According to a recent poll by the National Democratic Institute, 77 per cent of Georgians would support their country joining the EU membership while a Georgian NATO bid is supported by 74 per cent of respondents.
Conducted in April, the NDI poll shows a slight increase compared with a similar poll in January, when support for the EU and NATO were surveyed at 72 per cent and 64 per cent after a drop from a five-year-high in 2018.
Among those supporting EU membership, 66 per cent say accession to the European bloc would help the Georgian economy while 41 per cent claim it would be beneficial for national security. 53 per cent of NATO supporters believe that the Transatlantic military alliance would help Georgia preserve its security and 27 per cent say joining NATO would lead to restoring the country’s territorial integrity.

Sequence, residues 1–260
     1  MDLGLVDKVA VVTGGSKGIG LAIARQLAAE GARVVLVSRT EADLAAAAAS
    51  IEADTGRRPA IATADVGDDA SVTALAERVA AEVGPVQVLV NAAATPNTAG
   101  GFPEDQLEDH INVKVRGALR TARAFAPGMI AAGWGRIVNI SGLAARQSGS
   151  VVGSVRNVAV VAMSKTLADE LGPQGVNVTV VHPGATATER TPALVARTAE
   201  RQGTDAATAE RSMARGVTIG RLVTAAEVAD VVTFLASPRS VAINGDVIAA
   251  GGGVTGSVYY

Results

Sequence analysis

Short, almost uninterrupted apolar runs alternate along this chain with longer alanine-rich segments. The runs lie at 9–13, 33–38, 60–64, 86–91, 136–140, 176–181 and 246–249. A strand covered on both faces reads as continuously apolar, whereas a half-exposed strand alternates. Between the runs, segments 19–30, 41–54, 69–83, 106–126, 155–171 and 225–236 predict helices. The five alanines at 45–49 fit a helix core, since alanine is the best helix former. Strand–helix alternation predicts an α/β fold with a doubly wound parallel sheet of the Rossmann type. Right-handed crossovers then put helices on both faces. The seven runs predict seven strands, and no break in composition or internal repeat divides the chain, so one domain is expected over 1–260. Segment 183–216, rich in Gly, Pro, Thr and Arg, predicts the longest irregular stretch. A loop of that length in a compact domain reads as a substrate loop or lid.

The poll finds that Russian military aggression remains the top security concern of Georgians (31 per cent), followed by fear of an occupation of South Ossetia and Abkhazia (11 per cent), Russian propaganda (10 per cent) and terrorism (four per cent).
The NDI survey also says that 50 per cent of respondents viewed the collapse of the Soviet Union as positive from a Georgian perspective, while 39 per cent said it was a negative event for the country. Compared to previous its previous polls, NDI data suggests that support for the then-USSR has been gradually decreasing.